Organizational cultures are born in the intersections of shared relationships. If the quality of those relationships is healthy and constructive, that’s the kind of culture we’ll experience. If those relationships are toxic and fear-filled, well, that’s exactly the culture we’ll bear witness to. Cultures of belonging are built on the belief that the relationships within our organization can be healed and so can our organizational cultures. This healing depends not just on reconciliation between people inside our organizations now but also on examining who has been left out. To share kingdom relationships, no one can be left out of the equation.
Perhaps your organization has tried to create a more diverse organization but has been frustrated when those efforts came up short. We present this model as necessary in addressing the whole system of your organization to create space for underrepresented voices, whether that is women, BIPOC leaders, or people of different nationalities.
First and throughout the process, becoming a belonging culture requires that we see the image of God in each other. Men need to see and recognize that God made women in his image and for his purposes and gifted them for that calling. Those gifts include leadership, preaching, and teaching.
Women need to see the image of God in the men who have hurt them and marginalized them. It’s too easy to demonize a man who doesn’t know any better, who has been socialized in wrong beliefs about women and hasn’t been held accountable until now for bad behaviors. To borrow the title of Bishop Tutu’s book, there is no future without forgiveness.
You can see the image of God in each other, you can make the strategic case for why change is necessary, but if you don’t tackle the organizational cultures that were originally created by men to welcome only men, you will see women “check out” either emotionally or physically from your organization, exacerbating the likelihood that you’ll be able to recruit any in the future. How is performance measured, who gets celebrated, what toxic behaviors are supported or ignored for the sake of “more and better” ministry?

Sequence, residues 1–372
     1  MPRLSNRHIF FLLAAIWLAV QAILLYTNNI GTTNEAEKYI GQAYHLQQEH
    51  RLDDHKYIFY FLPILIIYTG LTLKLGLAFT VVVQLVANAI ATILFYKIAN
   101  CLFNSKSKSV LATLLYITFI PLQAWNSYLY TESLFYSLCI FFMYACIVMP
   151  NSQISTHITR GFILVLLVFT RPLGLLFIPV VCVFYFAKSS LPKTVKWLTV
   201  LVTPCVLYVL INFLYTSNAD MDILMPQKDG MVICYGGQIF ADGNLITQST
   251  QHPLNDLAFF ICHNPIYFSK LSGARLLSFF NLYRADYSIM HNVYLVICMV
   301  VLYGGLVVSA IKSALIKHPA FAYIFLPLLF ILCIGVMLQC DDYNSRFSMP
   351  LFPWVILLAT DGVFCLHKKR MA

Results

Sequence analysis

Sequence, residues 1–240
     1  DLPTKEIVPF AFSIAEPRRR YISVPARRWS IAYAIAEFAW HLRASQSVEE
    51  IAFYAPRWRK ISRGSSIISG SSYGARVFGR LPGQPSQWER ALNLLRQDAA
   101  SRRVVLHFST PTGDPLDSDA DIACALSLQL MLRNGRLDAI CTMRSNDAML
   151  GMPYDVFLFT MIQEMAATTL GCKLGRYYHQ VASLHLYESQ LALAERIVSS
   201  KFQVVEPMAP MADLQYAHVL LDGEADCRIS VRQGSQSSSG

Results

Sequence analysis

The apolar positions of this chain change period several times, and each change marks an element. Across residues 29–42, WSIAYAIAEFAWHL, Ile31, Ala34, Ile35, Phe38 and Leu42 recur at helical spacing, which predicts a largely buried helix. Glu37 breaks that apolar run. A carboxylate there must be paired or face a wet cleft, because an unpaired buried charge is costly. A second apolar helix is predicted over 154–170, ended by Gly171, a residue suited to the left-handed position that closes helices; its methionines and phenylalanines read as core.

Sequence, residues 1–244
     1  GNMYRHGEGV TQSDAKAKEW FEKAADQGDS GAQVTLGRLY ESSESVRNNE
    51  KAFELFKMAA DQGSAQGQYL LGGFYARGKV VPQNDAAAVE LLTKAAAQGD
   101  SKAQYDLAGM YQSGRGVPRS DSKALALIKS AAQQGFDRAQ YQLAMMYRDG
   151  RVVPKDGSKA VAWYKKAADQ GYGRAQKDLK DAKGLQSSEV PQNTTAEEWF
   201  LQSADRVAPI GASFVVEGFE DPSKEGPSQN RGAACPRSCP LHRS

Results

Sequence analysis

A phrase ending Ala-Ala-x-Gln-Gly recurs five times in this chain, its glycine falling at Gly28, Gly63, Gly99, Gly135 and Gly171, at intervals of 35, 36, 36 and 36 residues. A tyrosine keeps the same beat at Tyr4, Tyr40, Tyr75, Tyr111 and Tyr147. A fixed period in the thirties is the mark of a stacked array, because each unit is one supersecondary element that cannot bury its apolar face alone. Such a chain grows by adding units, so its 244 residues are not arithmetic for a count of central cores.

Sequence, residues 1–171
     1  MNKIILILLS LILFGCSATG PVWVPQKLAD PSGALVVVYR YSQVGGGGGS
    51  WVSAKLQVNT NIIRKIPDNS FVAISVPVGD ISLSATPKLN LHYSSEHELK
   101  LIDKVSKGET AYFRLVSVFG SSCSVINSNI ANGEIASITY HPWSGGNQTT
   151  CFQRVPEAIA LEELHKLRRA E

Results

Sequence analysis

A culture of belonging needs to intentionally develop everyone if it is going to rewrite the curriculum scripts on what good leadership and influence look like. Women too need to overcome mental hurdles by believing that the way God has equipped them for leadership is leadership. Not a mistake, not an accident. They are his beloved, called for his purposes, and equipped for his work.
This lever is actually first and last. None of these changes will be implemented unless existing leaders have the courage and the will to recognize the image of God they have diminished in women, the strategic case for better performance of their organization, and understanding that the whole organizational system has been working against a belonging culture all along. Systems can be changed.
Does all this feel like too much? It shouldn’t. In our combined thirty-plus years in the sector, we have watched far more ambitious “global change” agendas executed in missional organizations with far fewer necessary outcomes. Creating a belonging culture will be the legacy you leave because it will forever change the positive outcomes of your organization. Everything else you do for the success of your organization and the communities you serve will pale in comparison to this endeavor.
Adapted from Creating Cultures of Belonging by Beth Birmingham and Eeva Sallinen Simard. ©2022 by Beth Birmingham and Eeva Sallinen Simard. Used by permission of InterVarsity Press. www.ivpress.com.
Beth Birmingham is an NGO leadership and organizational consultant, development researcher, trainer, and former tenured professor (Eastern University). She is cofounder of BE Development Partners, a consulting firm that trains organizations to develop belonging cultures.
Eeva Sallinen Simard is the project director (chief of party) at SCOPE Project at World Relief and has more than ten years of experience working with missional NGOs from research to ministry. She is cofounder of BE Development Partners, a consulting firm that trains organizations to develop belonging cultures.